In terms of residential segregation, how would you expect New York and Los Angeles to fare in comparison to, say, Minneapolis-St. Paul? If we’re talking about the integration of residents with and without a college education, the answer might surprise you.
Research from the Martin Prosperity Institute found that higher paid and typically college-educated “creative workers” living in many big cities are less integrated within the overall population than those living in smaller metros in the Midwest and Sunbelt. The study involved more than 350 U.S. cities and examined where the “creative class” – employed in fields such as technology, engineering, business, healthcare, law, media and entertainment – live in relation to the “service class” – those employed in lower paid and typically low-skill positions.
This divide within cities and disparity between U.S. metros has been associated with a web of factors not easily resolved.
Increasing income inequality accounts for about 20% of the segregation seen in cities, according to Richard Florida, director of the Martin Prosperity Institute and a senior editor for The Atlantic. Research released in July by Rebecca Diamond, assistant professor of economics at Stanford Graduate School of Business, shows that the expected earnings of a college grad were 38% more than a high-school grad in 1980 and a whopping 73% more in 2011, according to Census figures. This has been hastened by the disappearance of many manufacturing jobs, which offered good pay for those without a formal college education. As different housing budgets beget different neighborhoods, cities with the greatest income disparities generally show the greatest class segregation, Florida says.
Density and desirability
If you live in a city where everyone wants to be, chances are it’s more highly segregated. As Florida explained in a radio interview, large cities are “great incubators of ideas,” and therefore attract highly educated “knowledge” workers. But they also attract very poor residents who are seeking work, he says. A densely populated city creates more demand than supply, allowing the most desirable neighborhoods to command top dollar. This drives less-affluent residents out of these areas and creates a clustering of high-wage workers. In extremely inflated markets like San Francisco and Washington D.C., it can even push low- and medium-income residents out of the city.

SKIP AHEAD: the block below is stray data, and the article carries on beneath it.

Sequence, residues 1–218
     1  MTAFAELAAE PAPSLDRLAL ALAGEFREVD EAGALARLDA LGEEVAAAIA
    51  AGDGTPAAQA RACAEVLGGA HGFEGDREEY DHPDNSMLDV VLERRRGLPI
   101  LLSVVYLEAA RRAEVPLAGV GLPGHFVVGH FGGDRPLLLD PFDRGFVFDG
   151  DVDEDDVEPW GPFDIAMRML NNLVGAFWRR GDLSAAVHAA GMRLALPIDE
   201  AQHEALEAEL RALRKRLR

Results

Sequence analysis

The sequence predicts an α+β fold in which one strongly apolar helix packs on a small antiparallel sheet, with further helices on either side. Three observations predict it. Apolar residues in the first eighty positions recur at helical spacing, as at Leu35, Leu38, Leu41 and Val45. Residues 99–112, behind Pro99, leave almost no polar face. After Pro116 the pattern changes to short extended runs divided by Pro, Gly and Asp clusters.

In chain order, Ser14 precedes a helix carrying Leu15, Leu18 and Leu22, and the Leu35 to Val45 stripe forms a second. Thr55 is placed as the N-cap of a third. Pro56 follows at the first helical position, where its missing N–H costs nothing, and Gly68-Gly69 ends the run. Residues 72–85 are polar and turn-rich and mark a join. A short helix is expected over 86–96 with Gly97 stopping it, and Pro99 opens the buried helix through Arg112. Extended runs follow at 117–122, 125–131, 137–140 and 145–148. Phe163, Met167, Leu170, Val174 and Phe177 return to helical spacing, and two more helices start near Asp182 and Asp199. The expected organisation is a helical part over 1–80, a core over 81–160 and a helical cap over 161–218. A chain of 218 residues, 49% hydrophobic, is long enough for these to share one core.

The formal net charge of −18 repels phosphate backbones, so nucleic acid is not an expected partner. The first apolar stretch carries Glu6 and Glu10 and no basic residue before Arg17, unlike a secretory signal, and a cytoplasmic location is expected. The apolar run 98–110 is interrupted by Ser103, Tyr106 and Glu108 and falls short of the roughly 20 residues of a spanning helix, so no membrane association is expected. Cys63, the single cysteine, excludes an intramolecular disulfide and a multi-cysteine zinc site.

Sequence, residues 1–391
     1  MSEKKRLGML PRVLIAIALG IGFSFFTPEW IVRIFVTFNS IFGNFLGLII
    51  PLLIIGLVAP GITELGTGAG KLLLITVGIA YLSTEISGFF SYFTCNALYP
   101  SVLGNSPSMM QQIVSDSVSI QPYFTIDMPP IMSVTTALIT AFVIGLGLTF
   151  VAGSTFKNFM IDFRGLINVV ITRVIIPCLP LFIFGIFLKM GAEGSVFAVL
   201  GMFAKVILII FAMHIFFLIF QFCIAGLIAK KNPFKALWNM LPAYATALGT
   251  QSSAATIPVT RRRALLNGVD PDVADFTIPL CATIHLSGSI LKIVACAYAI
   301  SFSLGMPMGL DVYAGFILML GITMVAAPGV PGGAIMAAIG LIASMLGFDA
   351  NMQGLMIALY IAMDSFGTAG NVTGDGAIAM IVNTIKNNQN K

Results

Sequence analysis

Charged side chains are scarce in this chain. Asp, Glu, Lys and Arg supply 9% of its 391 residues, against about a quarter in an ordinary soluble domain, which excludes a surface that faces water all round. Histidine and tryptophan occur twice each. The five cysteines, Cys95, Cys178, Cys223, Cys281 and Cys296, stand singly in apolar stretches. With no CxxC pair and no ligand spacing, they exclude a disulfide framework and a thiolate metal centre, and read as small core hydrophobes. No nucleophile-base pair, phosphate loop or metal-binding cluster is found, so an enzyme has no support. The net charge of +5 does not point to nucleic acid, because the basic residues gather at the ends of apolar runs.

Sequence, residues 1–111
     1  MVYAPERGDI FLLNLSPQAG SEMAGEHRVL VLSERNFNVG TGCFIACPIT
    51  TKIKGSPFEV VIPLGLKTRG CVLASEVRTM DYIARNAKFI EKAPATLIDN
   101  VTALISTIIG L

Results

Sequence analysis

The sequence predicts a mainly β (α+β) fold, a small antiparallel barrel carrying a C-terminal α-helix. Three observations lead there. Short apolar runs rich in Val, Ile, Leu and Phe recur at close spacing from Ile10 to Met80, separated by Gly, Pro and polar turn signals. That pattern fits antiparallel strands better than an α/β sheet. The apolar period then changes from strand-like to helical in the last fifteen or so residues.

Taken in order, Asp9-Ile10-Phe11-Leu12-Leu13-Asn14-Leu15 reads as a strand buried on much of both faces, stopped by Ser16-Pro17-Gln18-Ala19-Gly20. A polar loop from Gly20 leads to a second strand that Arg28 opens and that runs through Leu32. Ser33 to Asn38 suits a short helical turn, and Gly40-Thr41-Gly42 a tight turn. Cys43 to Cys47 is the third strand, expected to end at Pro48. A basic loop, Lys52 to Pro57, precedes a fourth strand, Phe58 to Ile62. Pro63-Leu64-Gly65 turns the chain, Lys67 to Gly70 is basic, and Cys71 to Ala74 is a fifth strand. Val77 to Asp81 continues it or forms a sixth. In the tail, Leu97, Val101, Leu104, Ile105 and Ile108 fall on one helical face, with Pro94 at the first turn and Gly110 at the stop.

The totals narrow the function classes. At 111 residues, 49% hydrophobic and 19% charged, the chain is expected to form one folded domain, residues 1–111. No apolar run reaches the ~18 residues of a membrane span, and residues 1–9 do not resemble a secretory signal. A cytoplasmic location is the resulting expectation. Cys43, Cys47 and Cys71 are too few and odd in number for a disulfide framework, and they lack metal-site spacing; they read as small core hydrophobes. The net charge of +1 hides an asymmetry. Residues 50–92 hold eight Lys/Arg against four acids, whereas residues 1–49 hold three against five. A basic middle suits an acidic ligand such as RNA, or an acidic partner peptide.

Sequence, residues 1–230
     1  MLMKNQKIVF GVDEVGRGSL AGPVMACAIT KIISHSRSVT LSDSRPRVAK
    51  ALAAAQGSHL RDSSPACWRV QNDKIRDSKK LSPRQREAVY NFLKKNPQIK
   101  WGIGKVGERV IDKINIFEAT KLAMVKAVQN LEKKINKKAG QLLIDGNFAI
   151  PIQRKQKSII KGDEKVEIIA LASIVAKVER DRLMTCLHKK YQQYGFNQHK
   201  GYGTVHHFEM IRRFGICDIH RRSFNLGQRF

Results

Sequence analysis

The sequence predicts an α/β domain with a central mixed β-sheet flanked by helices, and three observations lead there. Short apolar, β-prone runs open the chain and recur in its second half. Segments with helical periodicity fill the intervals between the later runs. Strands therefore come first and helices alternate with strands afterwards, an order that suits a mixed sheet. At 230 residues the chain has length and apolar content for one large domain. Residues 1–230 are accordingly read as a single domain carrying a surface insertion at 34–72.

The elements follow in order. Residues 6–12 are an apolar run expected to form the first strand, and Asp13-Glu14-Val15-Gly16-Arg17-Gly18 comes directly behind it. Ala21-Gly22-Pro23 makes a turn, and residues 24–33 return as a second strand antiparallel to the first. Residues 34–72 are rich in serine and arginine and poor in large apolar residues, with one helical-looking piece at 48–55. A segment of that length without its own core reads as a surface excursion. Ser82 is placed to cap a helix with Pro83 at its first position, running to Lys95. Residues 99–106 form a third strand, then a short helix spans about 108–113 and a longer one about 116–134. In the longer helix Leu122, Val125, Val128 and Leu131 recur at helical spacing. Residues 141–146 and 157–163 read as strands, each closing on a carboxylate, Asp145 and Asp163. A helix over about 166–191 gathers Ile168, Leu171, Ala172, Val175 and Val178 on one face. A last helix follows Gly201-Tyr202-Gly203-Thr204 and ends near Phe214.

Hotter hot spots
While the cost of living has always been higher in highly desirable cities, the disparity between hot, tepid and cool markets has increased – and, in turn, increased class segregation. As Washington Post reporter Emily Badger points out, “the median rent in metropolitan Washington wasn’t always twice the median rent of Louisville.”
Diamond found that cities with a higher number of college grads in 1980 attracted a larger share of college-educated professionals over the next 20 years than cities that initially had less-educated populations. More college grads means higher demand for local goods and services, Diamond says, creating jobs for the less skilled. But this also creates a high concentration of both high- and low-skill workers, and the ensuing increase in segregation as desirability pumps up housing prices.
People go where the jobs are, so it makes sense that cities with an economy balanced on more than one industry have been able to maintain greater integration in the face of changing times. Despite the collapse of the steel industry, Pittsburgh has maintained “low housing costs, a solid base in amenities, and a growing economy,” thanks to a strong foundation of educational and healthcare institutions, Diamond says.
In contrast, cities known for a particular industry – whether it’s energy in Houston or tech in San Jose – typically experience greater class segregation. This dilemma is going to become increasingly important, as many cities seek economic improvement through the development of highly specialized industry clusters. As these studies show, tax incentives and other programs that entice college grads and national companies could exclude others.Cover photo courtesy of Ed Finn.